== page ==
Switching to parent mode

After spending most of my time here talking about caring for my disabled son and my late wife, I’m starting to switch to parent mode.

My parents are in their late 80s. Still doing quite well, but not as well as, say, 5 years ago.

Some background - back in the 1970s, my father founded a local car club, then followed that up founding an annual West coast version of a car gathering that was happening on the East coast. Those gatherings were a focal point of my youth. Over the years, they’ve been up and down the coast, and as far inland as Colorado. I attended every year from the first through the time I got married. My wife and I went on our own to a couple of them, but I haven’t been in over 30 years.

So dad is fixing up his first car (now vintage, then just kind of old) to take it to this year’s gathering, which is in San Diego County. Not far at all.

About 3 weeks ago, he had an incident while working on the car. He had towed it to a shop to get an exhaust system made and was returning it home. It does not yet run, so he and a neighbor were pushing it up the last bit of the driveway to get it into the garage. Another neighbor - a big, young and strong guy - saw what was going on and jumped in to help. As soon as he started pushing, it caught my dad off guard. Dad fell and sprained his knee in the process.

That is close to my worst nightmare. Some kind of injury that affects mobility and leads to a downward spiral. The good news is that he seems to be recovering well. He [mostly] followed doctor’s and mom’s orders and rested it, and started using a cane while getting around the house. And the recuperation has gone pretty well. He’s comfortable without the cane around the house now, except for the stairs. This is the week the Dr wanted to see him for a follow up and will likely start some physical therapy. So that’s all about as good as the news can get.

But I still have some concerns. While he’s been resting, I’ve gone over to help him with the work on the car. He shouldn’t be crawling around and doing too much physical work, so I am helping with that bit. And I enjoy the work. He doesn’t have the stamina of a 70 year old any more, so I can get started on something and work it while he sits and rests.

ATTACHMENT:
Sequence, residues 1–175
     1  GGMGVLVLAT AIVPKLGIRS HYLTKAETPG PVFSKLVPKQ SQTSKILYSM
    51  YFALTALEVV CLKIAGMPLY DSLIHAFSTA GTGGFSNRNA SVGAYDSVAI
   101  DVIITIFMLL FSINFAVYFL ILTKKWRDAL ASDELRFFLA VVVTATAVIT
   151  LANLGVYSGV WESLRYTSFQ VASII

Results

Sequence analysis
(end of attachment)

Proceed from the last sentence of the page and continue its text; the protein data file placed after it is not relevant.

My concern is the cognitive end of things. It can’t be too bad, fortunately. I was over to their house on Sunday, and they were bragging a bit that they had the high scores in their bridge club round robin last week. But when working on the car, he seems to forget where the issues are and can get overly focused on certain details while ignoring the more significant problems. (For anyone car oriented, he put a Chevy engine in his 1954 MG back in the late 1960s. That’s the car he’s restoring, and it requires a bunch of custom work because of the engine transplant. We’re having trouble getting the clutch to release. He keeps focusing on the hydraulic parts when the issue is that the clutch fork itself isn’t moving to release the clutch. Until that is solved, the hydraulics - which move the clutch fork when you press on the clutch pedal - don’t matter.) After spending Saturday afternoon working to take things apart to get to the clutch, he was back discussing the leverage issues with the hydraulics this morning.